That is Step 1.

Step 2 is asking yourself “What do I really want or need” in the moment when the craving or compulsion strikes. Recall that you are coping with something, and listen honestly to what you are trying to soothe or avoid. 

Step 3 is, with kindness and compassion, honoring and acknowledging the parts inside of you that want to meet that valid physical, mental, or emotional need with the maladaptive behavior. These unhealthy coping mechanisms have served a purpose and are driven by the parts of you that want to protect you. 

Step 4 is considering another method to meet your present need that is adaptive, healthy, and perhaps even more direct. Are you hungry, thirsty, need a deep breath, need to take space, need to cry, need to scream, need a hug, need stimulation, need a calm environment, need a new friend group, need to talk to someone, need more time, etc.? 

Step 5 is thanking yourself for bravely and truthfully responding to yourself and trying to cope in a new way. This matters as you are retraining the reward circuitry in your brain and body.

This process takes time, immense patience, and practice. It does, however, get easier. You strengthen this muscle. Most of all, you do not have to do it alone. Support exists in many flavors, styles, and varieties. There is no one-size-fits-all for healing and recovery and sometimes it is a game of trial and error to figure out what you need and what works best for you.

Additionally, some find it helpful or not to label themselves as an addict or alcoholic for instance, and this is your call if this is beneficial to you. Everyone understands and defines addictive behaviors in their own light. Figure out what sits best with you and brings you in alignment with empowered solutions.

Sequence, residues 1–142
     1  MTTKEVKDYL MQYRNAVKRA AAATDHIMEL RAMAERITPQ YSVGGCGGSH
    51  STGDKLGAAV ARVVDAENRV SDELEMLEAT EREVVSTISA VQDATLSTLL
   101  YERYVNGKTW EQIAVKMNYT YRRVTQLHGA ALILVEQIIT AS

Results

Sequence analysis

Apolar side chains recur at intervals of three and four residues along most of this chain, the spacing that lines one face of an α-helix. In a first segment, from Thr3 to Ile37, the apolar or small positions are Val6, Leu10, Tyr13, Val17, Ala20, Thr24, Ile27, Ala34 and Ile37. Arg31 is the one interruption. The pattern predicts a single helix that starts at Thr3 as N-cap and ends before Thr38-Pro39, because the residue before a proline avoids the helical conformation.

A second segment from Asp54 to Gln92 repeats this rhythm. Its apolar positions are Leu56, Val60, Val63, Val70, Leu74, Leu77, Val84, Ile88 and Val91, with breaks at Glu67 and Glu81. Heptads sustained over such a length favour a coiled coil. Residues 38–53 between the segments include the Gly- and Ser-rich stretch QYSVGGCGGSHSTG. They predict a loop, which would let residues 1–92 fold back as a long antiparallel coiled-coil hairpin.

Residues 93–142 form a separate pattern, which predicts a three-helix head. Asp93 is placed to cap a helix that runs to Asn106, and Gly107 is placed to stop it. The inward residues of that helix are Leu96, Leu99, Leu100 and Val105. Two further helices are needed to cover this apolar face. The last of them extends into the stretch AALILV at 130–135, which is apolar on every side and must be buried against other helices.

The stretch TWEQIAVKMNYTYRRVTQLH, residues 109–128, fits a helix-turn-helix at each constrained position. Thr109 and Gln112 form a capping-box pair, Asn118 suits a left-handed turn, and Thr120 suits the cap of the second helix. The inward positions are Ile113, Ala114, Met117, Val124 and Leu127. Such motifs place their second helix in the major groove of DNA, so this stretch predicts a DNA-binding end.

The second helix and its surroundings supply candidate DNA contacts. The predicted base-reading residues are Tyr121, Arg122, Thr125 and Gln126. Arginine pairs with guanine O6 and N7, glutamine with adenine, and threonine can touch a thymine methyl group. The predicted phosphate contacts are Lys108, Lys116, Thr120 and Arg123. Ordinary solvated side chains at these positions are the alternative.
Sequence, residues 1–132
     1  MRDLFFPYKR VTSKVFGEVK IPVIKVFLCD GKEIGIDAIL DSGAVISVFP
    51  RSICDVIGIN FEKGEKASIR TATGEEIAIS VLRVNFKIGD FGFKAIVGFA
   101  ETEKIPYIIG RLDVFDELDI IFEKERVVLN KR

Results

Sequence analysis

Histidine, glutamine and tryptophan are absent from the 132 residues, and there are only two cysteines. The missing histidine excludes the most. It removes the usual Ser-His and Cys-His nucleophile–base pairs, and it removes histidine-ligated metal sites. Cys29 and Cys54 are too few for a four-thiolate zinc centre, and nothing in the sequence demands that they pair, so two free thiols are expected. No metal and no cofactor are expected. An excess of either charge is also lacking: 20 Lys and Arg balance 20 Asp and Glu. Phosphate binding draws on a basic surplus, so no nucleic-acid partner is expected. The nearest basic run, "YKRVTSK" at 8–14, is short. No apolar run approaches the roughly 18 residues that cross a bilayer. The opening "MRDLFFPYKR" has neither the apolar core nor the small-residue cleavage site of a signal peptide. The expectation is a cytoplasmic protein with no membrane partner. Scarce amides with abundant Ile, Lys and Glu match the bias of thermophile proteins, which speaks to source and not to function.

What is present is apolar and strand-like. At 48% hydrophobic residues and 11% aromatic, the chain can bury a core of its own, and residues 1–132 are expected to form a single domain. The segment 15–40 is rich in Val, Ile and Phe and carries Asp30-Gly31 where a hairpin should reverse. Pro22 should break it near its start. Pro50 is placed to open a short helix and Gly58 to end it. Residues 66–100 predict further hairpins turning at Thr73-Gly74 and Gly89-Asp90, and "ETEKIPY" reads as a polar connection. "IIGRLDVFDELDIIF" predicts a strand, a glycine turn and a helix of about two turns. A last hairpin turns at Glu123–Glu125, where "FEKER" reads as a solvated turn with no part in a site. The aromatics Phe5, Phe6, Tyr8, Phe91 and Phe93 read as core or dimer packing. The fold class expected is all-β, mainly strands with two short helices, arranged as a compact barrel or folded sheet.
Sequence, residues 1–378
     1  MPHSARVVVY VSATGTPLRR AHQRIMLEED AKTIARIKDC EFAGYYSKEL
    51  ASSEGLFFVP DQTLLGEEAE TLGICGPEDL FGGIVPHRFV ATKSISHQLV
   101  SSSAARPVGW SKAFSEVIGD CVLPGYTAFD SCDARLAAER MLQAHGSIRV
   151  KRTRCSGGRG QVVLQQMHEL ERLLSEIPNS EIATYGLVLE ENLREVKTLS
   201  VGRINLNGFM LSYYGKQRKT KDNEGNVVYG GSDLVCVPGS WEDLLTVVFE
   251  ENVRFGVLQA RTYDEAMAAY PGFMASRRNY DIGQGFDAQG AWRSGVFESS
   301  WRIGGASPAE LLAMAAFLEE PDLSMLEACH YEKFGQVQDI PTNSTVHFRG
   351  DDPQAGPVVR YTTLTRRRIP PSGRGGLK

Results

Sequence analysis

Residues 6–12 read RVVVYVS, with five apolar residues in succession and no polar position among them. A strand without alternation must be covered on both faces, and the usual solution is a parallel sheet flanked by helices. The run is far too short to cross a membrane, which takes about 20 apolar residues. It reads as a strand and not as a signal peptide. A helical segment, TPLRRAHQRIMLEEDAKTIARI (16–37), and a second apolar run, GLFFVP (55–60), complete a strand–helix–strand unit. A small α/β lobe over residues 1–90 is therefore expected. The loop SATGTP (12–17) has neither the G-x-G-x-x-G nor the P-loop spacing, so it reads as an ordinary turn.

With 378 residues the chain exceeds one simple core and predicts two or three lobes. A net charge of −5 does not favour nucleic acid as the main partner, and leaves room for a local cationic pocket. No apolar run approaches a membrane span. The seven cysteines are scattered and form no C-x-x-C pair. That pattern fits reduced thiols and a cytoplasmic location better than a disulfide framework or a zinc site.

In time and in great awareness, we start to reflect and recognize a larger perspective surrounding our addictions. We ask ourselves what is going on in our lives that we are inclined to choose to engage in such dangerous behaviors. We start to ponder and wonder, what is going on in our lives that there is no space or desire for positive change. We reflect upon what we need to do to create the conditions for growth. This helps us reduce stress, friction, and misalignment in our lives and seek positive support, healthy coping, and healing before things get out of control or head down a dark road. 

Healing from addictive behaviors is about taking your power back and exerting control over your own life. It is about building self-efficacy rather than dependency on outside things to change and regulate your internal state. It is about going back to the root cause looking more at the first time you started using and why rather than focusing on the last time and how bad things became. 

Healing ultimately feels like taking the hooks out. It's getting back on your feet rather than being down on your knees. It is moving away from what is cold, dark, superficial, and lonely to consciously moving toward what feels like warmth, love, and freedom. It's certainly not an easy or linear journey, but one of peaks and valleys where you may only get glimpses of the sun at times, and your trajectory is ultimately in the right direction. 

The scales begin to tip where you naturally enjoy sobriety more than have the wanting of substances. You change your environment, external life, and social circle to be less stressful and more supportive as you do not have a tolerance or bandwidth for unhelpful things. You address the sources of the pain inside of you. This is far from easy. But, in time, you feel more clear, embodied, and solid, and your life force grows. You are finally living to live, not living to die. It's the compounding return of the minute-by-minute, hourly, daily, investment of choosing and committing to yourself. 

Kathryn McClain, MSW, MBA

Program and Partnerships Director at #WeRideTogether

kmcclain@weridetogether.today